Based on the children’s story series of the same name, Scary Stories to Tell in the Dark is directed by André Øvredal (Trollhunter, The Autopsy of Jane Doe) with Guillermo Del Toro acting as producer. Set on and around Halloween in 1968 Pennsylvania, the film sees Stella (Zoe Colletti), Auggie (Gabriel Rush) and Chuck (Austin Azjur) sneak into an infamous haunted house, where they find the sinister storybook of Sarah Bellows, a own urban legend. Assisted by newcomer Ramón Morales (Michael Garza), the trio attempt to put a stop to Bellows’ curse, once and for all.
+ I enjoyed Colletti in the main role, but I can’t say she was blow-away great as some other young actresses have been lately. That said, she was the standout of a lackluster bunch. Austin Abrams, as minor antagonist and school bully Tommy Milner was good, in the sense that I hated everything about him, which I assume was the intent
+ I thought this was a ‘proper’ children’s horror movie, somewhere between Goosebumps and Monster House, so you can only imagine my surprise when I was legitimately scared by some of these creepy-ass monsters. The Pale Lady, based on Stephen Gammell’s original illustrations, from the short story The Dream, was particularly terrifying
+ despite the aforementioned scares, the movie is very non-gory, and indeed almost entirely non-bloody, making it a relatively solid entry point for younger viewers who want some horror movie nights
+ my main horror man, Javier Botet, gets another turn as another horrible monster, this time a zombie looking for its missing toe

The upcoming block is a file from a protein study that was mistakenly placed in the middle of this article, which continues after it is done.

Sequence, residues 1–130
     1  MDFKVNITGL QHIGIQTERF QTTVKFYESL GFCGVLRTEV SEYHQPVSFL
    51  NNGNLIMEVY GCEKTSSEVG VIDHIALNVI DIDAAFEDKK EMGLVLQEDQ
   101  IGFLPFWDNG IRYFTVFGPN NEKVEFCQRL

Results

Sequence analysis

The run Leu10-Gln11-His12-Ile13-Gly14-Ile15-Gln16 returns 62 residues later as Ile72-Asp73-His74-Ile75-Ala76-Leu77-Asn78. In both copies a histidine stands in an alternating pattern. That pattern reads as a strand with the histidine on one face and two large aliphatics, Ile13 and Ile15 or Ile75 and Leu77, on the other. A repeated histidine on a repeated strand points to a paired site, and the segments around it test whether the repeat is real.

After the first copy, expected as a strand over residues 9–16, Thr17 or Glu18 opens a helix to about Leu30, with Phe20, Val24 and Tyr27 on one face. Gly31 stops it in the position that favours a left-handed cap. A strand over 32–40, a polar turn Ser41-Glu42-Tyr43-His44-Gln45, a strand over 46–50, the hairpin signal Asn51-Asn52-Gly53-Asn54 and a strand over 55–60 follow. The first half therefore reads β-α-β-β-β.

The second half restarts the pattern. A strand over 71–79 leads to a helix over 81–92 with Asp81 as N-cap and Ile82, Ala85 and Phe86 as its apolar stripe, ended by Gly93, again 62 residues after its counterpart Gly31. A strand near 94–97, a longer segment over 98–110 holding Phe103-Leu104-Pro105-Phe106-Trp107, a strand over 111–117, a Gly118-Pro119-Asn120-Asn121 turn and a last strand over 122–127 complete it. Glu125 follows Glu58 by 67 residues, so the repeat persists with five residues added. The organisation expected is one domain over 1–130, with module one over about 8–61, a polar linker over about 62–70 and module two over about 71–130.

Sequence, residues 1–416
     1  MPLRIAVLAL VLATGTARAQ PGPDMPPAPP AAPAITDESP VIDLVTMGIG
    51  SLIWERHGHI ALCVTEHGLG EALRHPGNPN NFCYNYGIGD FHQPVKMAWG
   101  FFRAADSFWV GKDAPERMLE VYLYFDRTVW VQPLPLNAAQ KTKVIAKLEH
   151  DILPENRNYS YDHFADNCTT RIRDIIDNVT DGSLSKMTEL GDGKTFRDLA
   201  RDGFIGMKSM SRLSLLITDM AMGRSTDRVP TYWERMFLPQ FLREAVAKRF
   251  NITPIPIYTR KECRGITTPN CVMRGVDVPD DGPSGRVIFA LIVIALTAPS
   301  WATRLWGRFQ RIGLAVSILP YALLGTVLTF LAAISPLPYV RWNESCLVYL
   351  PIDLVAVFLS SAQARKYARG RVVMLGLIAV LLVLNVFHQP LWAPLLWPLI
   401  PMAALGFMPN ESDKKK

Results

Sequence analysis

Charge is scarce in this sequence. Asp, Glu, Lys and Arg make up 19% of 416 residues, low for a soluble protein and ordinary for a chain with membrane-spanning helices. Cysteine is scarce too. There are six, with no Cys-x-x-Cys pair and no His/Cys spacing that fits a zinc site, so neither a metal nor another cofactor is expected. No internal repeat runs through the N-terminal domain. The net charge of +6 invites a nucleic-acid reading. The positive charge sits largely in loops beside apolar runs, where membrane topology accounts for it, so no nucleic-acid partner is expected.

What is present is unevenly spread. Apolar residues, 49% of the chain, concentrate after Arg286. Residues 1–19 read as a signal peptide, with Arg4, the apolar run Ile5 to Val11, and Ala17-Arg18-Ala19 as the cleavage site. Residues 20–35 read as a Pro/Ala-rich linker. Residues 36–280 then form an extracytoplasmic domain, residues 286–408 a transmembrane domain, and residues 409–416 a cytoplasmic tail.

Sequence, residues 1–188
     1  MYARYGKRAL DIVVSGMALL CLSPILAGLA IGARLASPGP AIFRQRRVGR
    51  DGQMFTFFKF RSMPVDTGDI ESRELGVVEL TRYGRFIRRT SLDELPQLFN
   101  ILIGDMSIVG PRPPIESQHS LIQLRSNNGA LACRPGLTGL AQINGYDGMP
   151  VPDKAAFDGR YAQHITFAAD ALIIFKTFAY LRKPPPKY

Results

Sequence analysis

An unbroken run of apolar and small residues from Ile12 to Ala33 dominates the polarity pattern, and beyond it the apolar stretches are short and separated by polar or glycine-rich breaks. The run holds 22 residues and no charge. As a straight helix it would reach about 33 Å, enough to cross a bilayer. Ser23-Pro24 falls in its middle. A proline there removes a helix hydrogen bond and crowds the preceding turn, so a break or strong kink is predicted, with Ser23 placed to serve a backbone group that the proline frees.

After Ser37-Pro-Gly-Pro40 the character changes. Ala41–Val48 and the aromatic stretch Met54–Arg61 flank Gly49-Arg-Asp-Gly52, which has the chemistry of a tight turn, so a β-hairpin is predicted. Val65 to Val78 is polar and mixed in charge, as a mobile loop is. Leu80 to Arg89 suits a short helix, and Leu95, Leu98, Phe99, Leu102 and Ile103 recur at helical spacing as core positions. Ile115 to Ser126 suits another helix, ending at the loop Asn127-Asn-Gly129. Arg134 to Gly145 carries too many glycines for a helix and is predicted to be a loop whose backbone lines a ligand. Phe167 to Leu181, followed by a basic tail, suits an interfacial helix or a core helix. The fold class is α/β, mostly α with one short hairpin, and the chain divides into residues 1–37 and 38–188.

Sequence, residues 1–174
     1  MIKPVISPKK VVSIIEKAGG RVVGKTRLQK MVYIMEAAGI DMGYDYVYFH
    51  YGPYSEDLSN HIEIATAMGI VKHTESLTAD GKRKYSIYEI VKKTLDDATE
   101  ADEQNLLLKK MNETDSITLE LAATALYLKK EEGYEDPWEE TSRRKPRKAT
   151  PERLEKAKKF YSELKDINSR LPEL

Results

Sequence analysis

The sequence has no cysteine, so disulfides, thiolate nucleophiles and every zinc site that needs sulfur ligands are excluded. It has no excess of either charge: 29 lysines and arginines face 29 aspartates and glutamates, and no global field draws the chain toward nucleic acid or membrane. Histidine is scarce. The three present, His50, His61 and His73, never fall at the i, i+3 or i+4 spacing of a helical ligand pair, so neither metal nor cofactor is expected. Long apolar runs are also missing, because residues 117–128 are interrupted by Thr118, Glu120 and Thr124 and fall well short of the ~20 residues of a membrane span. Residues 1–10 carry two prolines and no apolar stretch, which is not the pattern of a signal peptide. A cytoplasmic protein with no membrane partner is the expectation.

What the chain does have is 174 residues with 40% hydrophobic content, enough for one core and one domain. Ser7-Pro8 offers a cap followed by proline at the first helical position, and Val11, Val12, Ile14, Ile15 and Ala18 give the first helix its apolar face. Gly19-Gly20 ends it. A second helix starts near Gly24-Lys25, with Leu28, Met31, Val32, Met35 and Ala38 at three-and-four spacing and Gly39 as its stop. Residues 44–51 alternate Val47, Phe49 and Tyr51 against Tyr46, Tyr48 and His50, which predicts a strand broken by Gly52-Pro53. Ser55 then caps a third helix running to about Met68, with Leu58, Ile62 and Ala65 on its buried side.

– aside from Colletti, none of the core cast enthralled me in any way. Garza, Rush and Zajur were all just bit players, and even Dean Norris (Breaking Bad) was not featured prominently for me to praise him too highly.
– any time Bellows’ Book was not involved with the plot — such as any and all relationship drama, school bullying or parental schlock — I lost all interest. The best part about horror movie should be the build up; instead, here, I wish there was less padding
> I spent the whole movie thinking that Colletti and Garza were many years apart in difference, and cringing at their love-y interactions. Turns out they are the same age, so what do I know
Should you see this film: As much fun as it was to see some of Stephen Gammell’s more horrifying creations come to life on screen, there was not a huge amount to recommend here. If you want kid friendly, there are most likely better options; if you want anthologies, there are definitely better options. Don’t bother with this.